We recommend you describe the special efforts to monitor and minimize the incidence of missing data and patient drop-outs during the study, such as monitoring activities, instruction and training on voiding diary data collection, special incentives to subjects for study compliance, methods to remind subjects of scheduled visits, and specific efforts to contact subjects who miss their visits (e.g., telephone calls, post cards, contact next-of-kin).

Efforts to document the reasons for missing data

We recommend you identify the steps to document:

  • the reason for each missed visit (e.g., complications, difficulty getting transportation to the site);
  • the reason for each drop-out (e.g., seeking alternate therapy, complications or intolerance to the device, dissatisfaction with the device, moved away); and
  • the cause of any death (e.g., autopsy report, death certificate).

To permit a complete and detailed accounting of all study subjects, we recommend you collect complete information during the study. Because loss to follow-up jeopardizes the conclusions that can be made about the long-term safety and effectiveness of a device, you should attempt to minimize the overall rate of loss to follow-up over the course of the study.

The protocol should specify how you plan to address missing data in the statistical analysis. A common approach is ITT analysis. Other approaches include the as-treated or per protocol analyses. The ITT approach preserves the comparability of patients with respect to (observed and unobserved) baseline characteristics and is generally regarded as the preferred method for evaluating a new therapy.39 As discussed above (in 1. Primary Endpoint Analyses), sensitivity analyses that compare results obtained under various assumptions about the missing data mechanism should be conducted.

 O. Risk Analysis

The protocol should contain a clinically sound risk analysis in support of the proposed investigation. In clinical studies that require an approved IDE application,40 the risk analysis must include the elements specified in 21 CFR 812.25(c), which are listed below:

  • a description and analysis of all increased risks to which subjects will be exposed by the investigation;
  • the manner in which these risks will be minimized;
  • a justification for the investigation; and
  • a description of the patient population, including the number, age, sex, and condition.

We recommend the risk analysis section of your protocol include the risks of the device itself (e.g., unintended electrical shock from an implantable stimulator, or tissue burns occurring during the use of an electrosurgical heating device), and the risks associated with the treatment procedure (e.g., the surgical risks associated with the placement of an implant, the risks of cystoscopy associated with the use of an injectable bulking agent, or anesthesia risks). In addition, we recommend you convey these risks to potential subjects using easily understood terminology in the informed consent document.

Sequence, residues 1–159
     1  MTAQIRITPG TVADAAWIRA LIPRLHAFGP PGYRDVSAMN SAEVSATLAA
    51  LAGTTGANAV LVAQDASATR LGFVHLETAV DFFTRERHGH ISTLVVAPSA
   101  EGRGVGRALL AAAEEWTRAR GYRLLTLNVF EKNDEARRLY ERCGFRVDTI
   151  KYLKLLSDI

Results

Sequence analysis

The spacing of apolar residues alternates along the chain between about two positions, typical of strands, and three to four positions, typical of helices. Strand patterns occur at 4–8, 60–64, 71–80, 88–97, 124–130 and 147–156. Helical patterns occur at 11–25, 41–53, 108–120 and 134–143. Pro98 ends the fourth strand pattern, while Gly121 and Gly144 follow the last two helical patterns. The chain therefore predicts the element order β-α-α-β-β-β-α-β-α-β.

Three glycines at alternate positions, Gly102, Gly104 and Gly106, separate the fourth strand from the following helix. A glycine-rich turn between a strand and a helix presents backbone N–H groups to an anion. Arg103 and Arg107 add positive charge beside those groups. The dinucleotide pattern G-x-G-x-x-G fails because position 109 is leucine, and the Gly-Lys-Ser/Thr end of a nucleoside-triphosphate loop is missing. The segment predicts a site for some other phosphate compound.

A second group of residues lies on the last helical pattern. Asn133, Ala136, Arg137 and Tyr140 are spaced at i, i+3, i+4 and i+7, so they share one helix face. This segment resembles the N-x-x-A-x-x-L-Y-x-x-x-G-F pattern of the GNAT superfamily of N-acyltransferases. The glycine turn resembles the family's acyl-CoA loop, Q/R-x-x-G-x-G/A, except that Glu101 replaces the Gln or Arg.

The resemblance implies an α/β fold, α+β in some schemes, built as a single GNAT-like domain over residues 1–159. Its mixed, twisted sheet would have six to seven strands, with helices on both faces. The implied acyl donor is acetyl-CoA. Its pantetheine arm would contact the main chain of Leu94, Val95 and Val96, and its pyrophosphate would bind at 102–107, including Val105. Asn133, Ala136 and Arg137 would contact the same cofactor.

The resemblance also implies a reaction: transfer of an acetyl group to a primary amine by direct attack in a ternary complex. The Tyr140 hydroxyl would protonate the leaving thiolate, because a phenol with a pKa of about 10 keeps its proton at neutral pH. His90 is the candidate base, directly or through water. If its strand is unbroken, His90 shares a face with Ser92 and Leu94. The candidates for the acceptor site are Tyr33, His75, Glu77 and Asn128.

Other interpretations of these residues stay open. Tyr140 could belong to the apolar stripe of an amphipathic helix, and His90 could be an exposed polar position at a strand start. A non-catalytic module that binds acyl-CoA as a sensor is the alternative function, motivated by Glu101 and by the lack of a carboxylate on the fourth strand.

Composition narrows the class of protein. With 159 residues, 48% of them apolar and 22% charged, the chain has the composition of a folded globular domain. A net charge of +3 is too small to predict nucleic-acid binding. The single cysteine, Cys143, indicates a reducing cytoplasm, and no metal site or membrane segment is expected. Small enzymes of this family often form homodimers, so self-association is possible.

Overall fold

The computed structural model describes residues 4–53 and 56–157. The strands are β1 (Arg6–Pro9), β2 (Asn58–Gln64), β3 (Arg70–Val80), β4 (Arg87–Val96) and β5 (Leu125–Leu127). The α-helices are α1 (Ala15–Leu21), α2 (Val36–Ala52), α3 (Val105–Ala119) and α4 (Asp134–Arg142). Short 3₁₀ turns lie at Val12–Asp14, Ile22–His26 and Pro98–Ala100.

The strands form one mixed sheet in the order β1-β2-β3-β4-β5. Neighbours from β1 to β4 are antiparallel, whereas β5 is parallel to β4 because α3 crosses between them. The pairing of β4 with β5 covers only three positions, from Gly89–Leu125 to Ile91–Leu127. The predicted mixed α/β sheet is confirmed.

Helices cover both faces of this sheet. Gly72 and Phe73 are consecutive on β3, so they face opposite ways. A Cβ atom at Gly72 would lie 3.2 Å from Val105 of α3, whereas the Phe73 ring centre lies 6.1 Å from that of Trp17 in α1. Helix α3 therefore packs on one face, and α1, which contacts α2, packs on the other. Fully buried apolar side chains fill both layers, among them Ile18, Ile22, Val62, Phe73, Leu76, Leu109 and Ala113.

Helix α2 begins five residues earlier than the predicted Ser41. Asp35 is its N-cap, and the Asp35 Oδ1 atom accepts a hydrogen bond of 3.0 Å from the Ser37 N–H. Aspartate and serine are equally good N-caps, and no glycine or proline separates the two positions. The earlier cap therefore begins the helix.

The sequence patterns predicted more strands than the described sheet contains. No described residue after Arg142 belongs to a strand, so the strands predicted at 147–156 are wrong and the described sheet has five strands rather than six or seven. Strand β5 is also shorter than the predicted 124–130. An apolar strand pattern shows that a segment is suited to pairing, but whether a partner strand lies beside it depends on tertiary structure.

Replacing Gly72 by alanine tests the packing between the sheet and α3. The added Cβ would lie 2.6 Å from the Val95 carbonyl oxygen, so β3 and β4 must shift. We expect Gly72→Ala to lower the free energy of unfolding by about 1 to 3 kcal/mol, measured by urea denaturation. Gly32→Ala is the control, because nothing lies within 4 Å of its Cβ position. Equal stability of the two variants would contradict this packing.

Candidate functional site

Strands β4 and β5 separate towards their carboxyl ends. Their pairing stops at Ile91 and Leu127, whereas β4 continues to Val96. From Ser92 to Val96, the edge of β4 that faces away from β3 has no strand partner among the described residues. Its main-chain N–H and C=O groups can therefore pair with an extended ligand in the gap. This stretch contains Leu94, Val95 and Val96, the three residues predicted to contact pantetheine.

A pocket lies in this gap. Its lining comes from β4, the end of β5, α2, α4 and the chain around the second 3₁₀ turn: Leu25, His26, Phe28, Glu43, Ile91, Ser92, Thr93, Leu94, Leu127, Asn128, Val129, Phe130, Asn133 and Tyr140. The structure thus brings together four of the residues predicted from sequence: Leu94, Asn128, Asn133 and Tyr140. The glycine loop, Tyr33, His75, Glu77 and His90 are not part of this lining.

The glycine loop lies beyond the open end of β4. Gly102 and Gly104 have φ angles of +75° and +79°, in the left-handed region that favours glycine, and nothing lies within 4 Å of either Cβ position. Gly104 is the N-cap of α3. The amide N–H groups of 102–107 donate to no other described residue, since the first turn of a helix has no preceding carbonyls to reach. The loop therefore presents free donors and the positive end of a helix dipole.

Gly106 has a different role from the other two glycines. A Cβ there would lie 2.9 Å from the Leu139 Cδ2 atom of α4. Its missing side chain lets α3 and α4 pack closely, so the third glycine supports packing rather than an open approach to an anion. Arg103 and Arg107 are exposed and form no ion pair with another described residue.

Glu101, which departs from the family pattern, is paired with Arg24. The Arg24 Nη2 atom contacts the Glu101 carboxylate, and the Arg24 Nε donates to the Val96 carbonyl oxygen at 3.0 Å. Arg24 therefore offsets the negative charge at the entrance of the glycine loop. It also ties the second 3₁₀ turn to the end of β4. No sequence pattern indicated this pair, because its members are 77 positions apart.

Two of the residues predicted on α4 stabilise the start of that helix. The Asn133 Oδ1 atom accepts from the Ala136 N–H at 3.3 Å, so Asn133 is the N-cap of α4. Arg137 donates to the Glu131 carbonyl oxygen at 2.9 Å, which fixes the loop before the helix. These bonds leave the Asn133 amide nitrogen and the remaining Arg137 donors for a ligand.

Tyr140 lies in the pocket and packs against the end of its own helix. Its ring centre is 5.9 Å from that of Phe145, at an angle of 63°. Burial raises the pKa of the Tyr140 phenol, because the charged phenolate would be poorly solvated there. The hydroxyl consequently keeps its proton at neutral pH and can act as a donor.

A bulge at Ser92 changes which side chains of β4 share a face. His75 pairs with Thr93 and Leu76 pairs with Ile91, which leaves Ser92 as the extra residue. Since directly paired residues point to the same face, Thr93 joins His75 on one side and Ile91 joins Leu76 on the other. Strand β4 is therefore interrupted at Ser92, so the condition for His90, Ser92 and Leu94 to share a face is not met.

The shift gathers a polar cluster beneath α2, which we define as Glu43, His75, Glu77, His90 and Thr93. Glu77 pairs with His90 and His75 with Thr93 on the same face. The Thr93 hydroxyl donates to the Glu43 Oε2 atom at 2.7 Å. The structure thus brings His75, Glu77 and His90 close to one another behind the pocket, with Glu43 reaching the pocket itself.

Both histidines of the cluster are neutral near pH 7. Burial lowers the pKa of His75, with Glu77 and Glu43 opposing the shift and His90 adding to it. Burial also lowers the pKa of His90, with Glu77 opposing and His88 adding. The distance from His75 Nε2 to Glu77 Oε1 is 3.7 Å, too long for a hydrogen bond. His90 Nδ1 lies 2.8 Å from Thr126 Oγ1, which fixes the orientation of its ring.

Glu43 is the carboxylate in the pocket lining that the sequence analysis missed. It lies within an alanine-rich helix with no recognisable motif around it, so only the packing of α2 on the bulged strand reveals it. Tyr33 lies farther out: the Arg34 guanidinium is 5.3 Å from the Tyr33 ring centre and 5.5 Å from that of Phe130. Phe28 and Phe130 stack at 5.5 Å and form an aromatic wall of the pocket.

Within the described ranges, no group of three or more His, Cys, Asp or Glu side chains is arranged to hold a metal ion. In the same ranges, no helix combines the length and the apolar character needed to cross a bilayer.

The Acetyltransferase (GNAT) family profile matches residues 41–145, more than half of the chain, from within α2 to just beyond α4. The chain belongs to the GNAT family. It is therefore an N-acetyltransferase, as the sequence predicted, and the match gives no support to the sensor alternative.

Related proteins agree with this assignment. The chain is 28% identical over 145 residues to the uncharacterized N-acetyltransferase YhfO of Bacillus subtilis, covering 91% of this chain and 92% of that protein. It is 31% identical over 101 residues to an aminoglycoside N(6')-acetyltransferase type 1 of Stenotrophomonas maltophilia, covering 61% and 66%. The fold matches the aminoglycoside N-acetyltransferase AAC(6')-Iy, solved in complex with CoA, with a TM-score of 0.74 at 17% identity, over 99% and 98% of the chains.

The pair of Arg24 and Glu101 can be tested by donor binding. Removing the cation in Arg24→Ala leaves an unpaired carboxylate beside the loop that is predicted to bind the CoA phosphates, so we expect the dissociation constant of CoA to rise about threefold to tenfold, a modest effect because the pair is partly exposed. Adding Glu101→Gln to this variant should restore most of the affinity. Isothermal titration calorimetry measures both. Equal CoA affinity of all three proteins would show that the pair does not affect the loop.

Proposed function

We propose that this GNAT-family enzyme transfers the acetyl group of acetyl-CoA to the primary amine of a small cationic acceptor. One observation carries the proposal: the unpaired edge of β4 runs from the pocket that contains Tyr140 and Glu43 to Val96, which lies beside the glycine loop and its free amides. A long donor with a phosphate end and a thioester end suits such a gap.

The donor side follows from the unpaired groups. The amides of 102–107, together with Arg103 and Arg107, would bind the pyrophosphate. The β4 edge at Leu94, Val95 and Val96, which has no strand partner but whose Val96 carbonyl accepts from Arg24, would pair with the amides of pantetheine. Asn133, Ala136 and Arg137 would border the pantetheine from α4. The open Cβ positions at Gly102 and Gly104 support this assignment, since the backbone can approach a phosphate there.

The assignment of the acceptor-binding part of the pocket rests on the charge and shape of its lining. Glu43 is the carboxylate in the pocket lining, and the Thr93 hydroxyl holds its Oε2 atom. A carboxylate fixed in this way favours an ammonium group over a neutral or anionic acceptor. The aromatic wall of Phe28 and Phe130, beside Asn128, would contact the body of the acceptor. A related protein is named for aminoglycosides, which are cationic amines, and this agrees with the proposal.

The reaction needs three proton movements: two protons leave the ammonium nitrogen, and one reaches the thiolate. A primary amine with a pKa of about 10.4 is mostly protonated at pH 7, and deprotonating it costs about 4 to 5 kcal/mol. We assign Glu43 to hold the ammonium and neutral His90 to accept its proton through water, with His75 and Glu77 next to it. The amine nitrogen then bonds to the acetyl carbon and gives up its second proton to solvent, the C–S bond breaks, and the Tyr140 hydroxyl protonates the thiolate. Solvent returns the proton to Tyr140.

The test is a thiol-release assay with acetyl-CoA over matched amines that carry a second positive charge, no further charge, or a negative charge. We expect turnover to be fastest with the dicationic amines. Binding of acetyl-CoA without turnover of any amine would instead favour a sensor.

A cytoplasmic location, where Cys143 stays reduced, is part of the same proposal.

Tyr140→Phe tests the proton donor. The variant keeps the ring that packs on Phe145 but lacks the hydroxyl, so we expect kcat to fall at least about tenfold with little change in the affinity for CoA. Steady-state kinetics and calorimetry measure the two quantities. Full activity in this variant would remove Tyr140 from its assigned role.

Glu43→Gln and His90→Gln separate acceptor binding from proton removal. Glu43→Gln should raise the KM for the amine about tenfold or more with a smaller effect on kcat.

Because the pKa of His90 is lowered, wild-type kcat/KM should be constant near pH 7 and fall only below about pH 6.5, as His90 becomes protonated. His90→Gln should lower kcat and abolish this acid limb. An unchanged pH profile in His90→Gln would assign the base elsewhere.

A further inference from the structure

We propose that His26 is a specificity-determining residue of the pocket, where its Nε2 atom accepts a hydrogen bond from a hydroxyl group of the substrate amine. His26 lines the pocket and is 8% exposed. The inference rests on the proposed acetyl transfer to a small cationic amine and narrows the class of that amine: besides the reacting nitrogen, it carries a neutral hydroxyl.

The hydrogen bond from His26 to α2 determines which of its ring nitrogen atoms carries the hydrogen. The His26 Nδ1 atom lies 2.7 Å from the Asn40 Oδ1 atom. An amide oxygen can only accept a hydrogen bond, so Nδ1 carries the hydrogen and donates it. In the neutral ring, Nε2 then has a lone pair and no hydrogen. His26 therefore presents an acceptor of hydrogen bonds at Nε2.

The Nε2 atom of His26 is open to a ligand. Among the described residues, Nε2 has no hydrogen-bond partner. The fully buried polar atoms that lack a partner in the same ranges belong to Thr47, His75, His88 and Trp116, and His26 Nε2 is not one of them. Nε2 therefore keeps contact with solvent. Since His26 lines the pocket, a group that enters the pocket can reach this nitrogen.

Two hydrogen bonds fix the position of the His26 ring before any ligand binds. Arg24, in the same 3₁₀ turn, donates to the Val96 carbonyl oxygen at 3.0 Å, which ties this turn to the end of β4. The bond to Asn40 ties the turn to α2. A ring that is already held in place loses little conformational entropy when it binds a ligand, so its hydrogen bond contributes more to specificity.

P. Study Monitoring

We believe that proper study monitoring is critical to assure the safety of study subjects, investigator adherence to the investigational plan, and the quality and integrity of the resulting clinical data. Therefore, we recommend that the investigational plan incorporate a comprehensive, written monitoring plan that investigators agree to follow during the study. In clinical studies that require an approved IDE application, the IDE application must include written monitoring procedures in accordance with 21 CFR 812.25(e). In addition, please see the Agency’s guidance entitled Guideline for the Monitoring of Clinical Investigations41 on recommended approaches to monitoring clinical investigations involving FDA-regulated products.

Written monitoring procedures help to assure that each person involved in the monitoring process carries out his or her duties. In addition to the elements required by 21 CFR Part 812 and 21 CFR Part 50 and the recommendations of the Guideline for the Monitoring of Clinical Investigations, we recommend you incorporate the following elements into your monitoring procedures, including, but not limited to:

  • identification of a trained and qualified monitor;
  • description of pre-investigation and periodic visits, including the timing of these visits and the specific monitoring activities to be performed;
  • criteria for the review of representative subject records for completeness and accuracy; and
  • elements for an adequate record of on-site monitoring visits, including findings, conclusions, and action taken to correct any deficiencies.

We recommend the study monitor overseeing the trial identify potential weaknesses during the study that may necessitate modifying the protocol. The study monitor should also have contingency plans available for unforeseen problems and a means to rapidly implement those plans. You and the monitor should carefully devise contingency plans for the study with the goal of preserving the integrity of your study design. We also recommend your monitor assure that study subjects are entered, interventions assigned, follow-up data collected at the appropriate times, and data are completely and accurately recorded, as specified in the protocol.

 Q. Case Report Forms

To assure all information collected during the course of the clinical study is documented, we recommend your study incorporate case report forms for investigators to complete separately for each subject. To facilitate the documentation of all subject, treatment, and study data, we recommend you format these forms to instruct investigators to record all information described in your protocol. The case report forms should include, but not necessarily be limited to:

  • a pre-treatment evaluation form;